Many of you have asked for a post revealing the story behind this post. (Warning: Don’t click if you’re easily angered. And please don’t read any further if you hate inside baseball stories).
This morning Mike wrote something called “Obligations To Dead Sources” in which he refers to a tweet from New York Times correspondent Micheline Maynard. Maynard’s tweet about not breaking a promise to protect a source actually broke her promise to protect a source. It’s mind blowing, I know.
Jerry York told others of us details about Steve Jobs' illness.
To me, a promise is a promise.—
Micheline Maynard (@MickiMaynard) January 18, 2011
While Maynard’s tweet is more of a paradox (two mutually exclusive assertions in one concept) than recursive (the application of a definition repeatedly) it reminded me of another tweet that pushed the logical boundaries of 140 characters.
Techmeme founder Gabe Rivera (who also happens to be my boyfriend) tweeted out this ouroboros-inspired tweet back in 2009 and it resonated with people who love recursive humor. But what Rivera was riffing on then and what we were playing with today is anything but original, from Fibonacci to Comp Sci 101, from Stephen Hawking to Yo Dawg, meta-references are everywhere.
The idea of an infinite loop is so integral to the way we conceive of the world that linguist Noam Chomsky at some point thought that understanding and being able to proliferate recursive concepts was what separated us from the animals. Just Google “recursion” if you want more proof (and to be delighted).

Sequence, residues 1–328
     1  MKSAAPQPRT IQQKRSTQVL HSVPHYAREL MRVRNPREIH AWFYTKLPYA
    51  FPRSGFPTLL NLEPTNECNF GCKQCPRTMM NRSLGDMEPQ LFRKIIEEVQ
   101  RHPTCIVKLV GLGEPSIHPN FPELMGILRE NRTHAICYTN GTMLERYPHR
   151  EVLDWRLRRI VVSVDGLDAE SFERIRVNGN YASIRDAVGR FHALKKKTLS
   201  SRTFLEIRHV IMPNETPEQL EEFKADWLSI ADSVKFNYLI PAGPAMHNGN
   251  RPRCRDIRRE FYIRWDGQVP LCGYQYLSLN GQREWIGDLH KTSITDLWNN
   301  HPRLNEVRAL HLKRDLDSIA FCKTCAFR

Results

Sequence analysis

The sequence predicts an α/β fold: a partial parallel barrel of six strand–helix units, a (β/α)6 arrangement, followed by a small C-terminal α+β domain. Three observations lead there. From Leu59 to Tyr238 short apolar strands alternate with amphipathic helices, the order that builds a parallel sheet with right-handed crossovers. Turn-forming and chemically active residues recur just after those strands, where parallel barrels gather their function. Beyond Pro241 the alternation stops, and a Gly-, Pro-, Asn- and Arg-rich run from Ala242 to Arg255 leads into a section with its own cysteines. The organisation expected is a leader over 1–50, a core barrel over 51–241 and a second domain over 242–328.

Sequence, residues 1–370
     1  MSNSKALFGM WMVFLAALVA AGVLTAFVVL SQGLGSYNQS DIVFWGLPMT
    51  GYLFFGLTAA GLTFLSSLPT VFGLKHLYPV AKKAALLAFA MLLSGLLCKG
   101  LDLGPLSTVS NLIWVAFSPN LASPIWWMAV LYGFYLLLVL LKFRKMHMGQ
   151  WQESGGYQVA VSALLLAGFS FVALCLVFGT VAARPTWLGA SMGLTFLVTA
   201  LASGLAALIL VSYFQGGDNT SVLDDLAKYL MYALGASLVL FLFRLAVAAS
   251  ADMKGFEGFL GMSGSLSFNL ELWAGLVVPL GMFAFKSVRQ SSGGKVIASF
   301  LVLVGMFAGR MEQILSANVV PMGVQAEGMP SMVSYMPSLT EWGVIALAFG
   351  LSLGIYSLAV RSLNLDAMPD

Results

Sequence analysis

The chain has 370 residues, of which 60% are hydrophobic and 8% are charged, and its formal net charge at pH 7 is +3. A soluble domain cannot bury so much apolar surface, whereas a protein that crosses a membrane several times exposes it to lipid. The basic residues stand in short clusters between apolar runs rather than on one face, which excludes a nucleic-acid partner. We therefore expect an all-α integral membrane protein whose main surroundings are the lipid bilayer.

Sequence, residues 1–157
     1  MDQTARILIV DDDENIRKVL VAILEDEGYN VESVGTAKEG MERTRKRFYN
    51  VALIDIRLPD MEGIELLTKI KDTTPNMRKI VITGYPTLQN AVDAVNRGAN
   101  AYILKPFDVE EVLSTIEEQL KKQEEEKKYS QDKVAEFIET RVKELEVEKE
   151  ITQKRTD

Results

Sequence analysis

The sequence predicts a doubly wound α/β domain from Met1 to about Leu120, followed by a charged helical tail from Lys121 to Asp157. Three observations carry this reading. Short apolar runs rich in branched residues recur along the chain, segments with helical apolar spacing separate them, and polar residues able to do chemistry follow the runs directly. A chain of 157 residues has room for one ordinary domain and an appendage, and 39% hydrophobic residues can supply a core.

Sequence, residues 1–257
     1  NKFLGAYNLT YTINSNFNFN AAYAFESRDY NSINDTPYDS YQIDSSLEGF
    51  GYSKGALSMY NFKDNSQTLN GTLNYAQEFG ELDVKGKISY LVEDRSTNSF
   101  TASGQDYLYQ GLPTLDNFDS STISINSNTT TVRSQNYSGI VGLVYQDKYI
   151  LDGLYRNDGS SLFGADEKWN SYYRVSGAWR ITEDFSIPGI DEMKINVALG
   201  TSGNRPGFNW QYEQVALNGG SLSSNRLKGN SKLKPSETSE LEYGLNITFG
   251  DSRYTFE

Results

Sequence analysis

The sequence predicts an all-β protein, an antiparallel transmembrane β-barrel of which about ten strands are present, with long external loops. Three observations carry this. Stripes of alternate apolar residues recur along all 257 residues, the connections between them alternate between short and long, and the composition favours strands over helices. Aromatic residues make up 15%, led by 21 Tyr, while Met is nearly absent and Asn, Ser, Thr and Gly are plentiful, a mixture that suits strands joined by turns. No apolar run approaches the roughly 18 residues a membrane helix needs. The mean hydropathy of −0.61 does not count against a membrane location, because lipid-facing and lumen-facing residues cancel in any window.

News writing, because of the nature of aggregation and content farming, is trending toward blog posts with provactive headlines, little actual content and endless arguments in the comments section. Business Insider has even made whole posts out of MG’s tweets.
So when Mike suggested we try to figure out how to make a post that linked to itself, not only did I see a chance to be meta, but also an opportunity for a subtle critique of the news cycle and business. And yes, I went into this knowing exactly how many people it would piss off. And no, I don’t take my readers for granted, but I often hope that they have a sense of humor. Or patience.
Granted I wasn’t necessarily planning on doing a followup post, and some of you seemed to get it (“This article really was a transcendent experience. Astounding, the subject didn’t lie.”) but comments like this one “I clicked the link 3 times, then I realised and then I was sad. :'(“ made me feel like I owed it to my readers to drop some science on this. After all, you guys do pay my bills and no one likes to be made to feel stupid. Trust me.
So here are the final analytics numbers: At the end of the today, “This Article Is A Must Read” garnered 38,888 onsite pageviews, 30,467 RSS reader views, 204 comments, 566 tweets, 92 Facebook Likes and 17 Diggs (don’t know if anyone pays attention to the Buzz button anymore). It was the top trafficking post on TechCrunch in this 24 hour time period, though I think there were many others deserving of that title (but especially “The Top 20 VC Power Bloggers Of 2010“).
It also made our “Most Commented” section with one comment hitting every 30 seconds at some point, even though the topic of discussion was just a link to itself. What the hell guys?
While the post’s title definitely being click bait on purpose might explain the high traffic, it’s hard to wrap my head around the 204 comments (I half-expected an iPhone vs. Android fight to break out down there).
Maybe this ultimately proves that TechCrunch is more about the commentary (and community) than the content? After all this similar post and this similar post both received similar levels of discussion.
If that is indeed the case, thank you.
Obligatory Quora reference.